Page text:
From OC Weekly:

Most music fans in OC have no intention of looking under the rug at the sounds that exist in the noisy underbelly of our avant-garde music scene. But you can find them Saturday at the Orange County Center for Contemporary Art (OCCCA), where some our most inventive young artists will come to tear the definition of “music” to shreds at a yearly event dubbed the Santa Ana Noise Fest.


sr311Phil Minton + Audrey Chen + Guy Segers + Peter Jacquemyn + Teun Verbruggen – Quintet (Sub Rosa)
Phil Minton + Audrey Chen – By the Stream (Sub Rosa)

Both of these albums, released simultaneously by Sub Rosa, feature the unique talents of Phil Minton and Audrey Chen. Quintet was apparently designed to see how Minton and Chen work together in a jazz-improvisation setting, while the duo album was meant to showcase the particular, and peculiar, vocal improvisatory talents of these two artists.

Chen came to free music by way of years spent at a conservatory studying cello. Indeed, she plays cello as well as using her voice on the Quintet album. Compared to Minton, who has been honing his craft for decades, she’s a newcomer, but she’s seasoned enough to have developed her own approach to ensemble and duo performance. Minton, as mentioned, is well-known for his astounding vocal abilities. I won’t begin to list the sounds he’s capable of here, but they are legion, and uniformly uncanny.

That said, both he and Chen seem to be somewhat at a loss for what to do in the quintet setting. Their performances are mostly sublime, but they don’t seem to be able to engage with the other three players: a drummer, an electric bassist (Guy Segers of Univers Zero), and a double-bassist. And the same goes for the trio. One gets the sense that Minton and Chen are in the same studio as the trio, but neither group knows quite how to proceed in terms of the other, except for Chen’s cello playing, which seems very sympathetic to the group. If listened to for the performances of Chen and Minton, this disc can be quite enjoyable. The last two tracks, dominated by the jazz trio, show that they have a tight rapport and can even bring a little funk into the proceedings. It would be nice to hear more from that trio on its own merits.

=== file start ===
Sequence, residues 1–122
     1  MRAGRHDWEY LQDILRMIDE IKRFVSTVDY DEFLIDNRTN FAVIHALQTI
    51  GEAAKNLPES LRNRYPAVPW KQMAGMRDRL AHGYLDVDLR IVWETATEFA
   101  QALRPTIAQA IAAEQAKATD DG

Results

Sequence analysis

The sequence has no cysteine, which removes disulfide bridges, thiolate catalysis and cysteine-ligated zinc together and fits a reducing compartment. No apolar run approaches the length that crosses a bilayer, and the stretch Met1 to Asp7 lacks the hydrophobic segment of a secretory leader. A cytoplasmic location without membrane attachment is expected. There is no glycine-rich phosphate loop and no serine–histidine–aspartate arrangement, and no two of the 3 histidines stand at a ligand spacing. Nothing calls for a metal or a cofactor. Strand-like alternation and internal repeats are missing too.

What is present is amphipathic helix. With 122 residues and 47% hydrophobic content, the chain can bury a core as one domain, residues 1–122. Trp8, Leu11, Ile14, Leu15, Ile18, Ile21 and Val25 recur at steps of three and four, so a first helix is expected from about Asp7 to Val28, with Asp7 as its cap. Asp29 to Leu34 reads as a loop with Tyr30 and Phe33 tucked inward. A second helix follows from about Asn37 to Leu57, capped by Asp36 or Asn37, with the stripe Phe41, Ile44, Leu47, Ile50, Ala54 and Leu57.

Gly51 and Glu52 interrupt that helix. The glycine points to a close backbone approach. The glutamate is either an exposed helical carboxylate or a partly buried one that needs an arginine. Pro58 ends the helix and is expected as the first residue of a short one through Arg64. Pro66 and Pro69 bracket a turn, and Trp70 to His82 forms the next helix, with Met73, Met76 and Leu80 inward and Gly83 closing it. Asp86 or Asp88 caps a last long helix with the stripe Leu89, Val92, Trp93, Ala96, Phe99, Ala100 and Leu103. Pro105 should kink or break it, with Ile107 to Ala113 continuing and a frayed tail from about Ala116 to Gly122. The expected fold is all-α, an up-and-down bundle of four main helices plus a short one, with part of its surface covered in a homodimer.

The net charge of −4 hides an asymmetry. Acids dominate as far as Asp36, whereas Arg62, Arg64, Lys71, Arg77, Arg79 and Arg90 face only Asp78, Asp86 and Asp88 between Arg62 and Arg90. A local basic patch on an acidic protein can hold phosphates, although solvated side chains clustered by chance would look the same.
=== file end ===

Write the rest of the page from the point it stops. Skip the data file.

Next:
By the Stream, the Minton + Chen duo album, in contrast, is a thing of wonder. On every track Minton and Chen come across as alien creatures conversing with each other, either as old friends, or as wary strangers, unsure whether to embrace or fight. On this album, Chen forgoes the cello and puts all of her power into her voice. She tends toward a drone in her vocal improvisations, holding one note for extended periods of time, while Minton is everything and everywhere else – the wind, the voice of a commanding soldier, an existentially distraught man at his very nadir, a baby, – all things that seem to wrap, snake-like, around the solid pole that Chen provides with her steadier vocals. Similar to the work that Jaap Blonk has done with Maja Ratkje, these 14 tracks are otherworldly meetings in a universe that you should be glad you only are able to visit sonically. Beautiful, but at the same time frightening, and as with all Minton’s vocal improv work, completely decentralizing.

2014 Best of Year Lists: Part III

Posted: December 18, 2014 by Mike in General

It’s that time again. We gather best-of-2014 lists from around the web and provide links here. Enjoy.

A Closer Listen’s top ten ambient releases
Gapplegate’s best of 2014
Free Form Freakout’s favorite tapes of 2014
Drowned in Sound’s finest ambient releases
Derek Taylor
Kurt Gottschalk‘s top 12
Troy Collins‘ Best Releases Of 2014

Vital Weekly 961

Posted: December 18, 2014 by Mike in Reviews

English: Steve Stapleton Français : Steve Stap...

Steve Stapleton

Reviews from Vital Weekly:

Eric Random & the Bedlamites – Time-splice (Cd by Klang Galerie) *
Eric Random – Man_dog (Cd by Klang Galerie) *
Casey Anderson & Jason Kahn & Norbert Möslang & Günter Müller & Mark Trayle – Five Lines (Cd by Mikroton) *
Erikm & Martin Brandlmayr – Ecotone (Cd by Mikroton) *
Feedback: Order from Noise (2cd/1dvd by Mikroton) *
Gregory Büttner & Gunnar Lettow & Ernesto Rodrigues & Nuno Torres – Zwei Mal Zwei (Cd by Creative Sources Recordings) *
Insane 80s [Ev01-ev10] (Cd Compilation by Ee Tapes)
Find Hope in Darkness – Loked So Tightly in Our Dreams (Cd by Moving Furniture Records) *
Orphax – Under the Dutch Sky (Cdr by Moving Furniture Records) *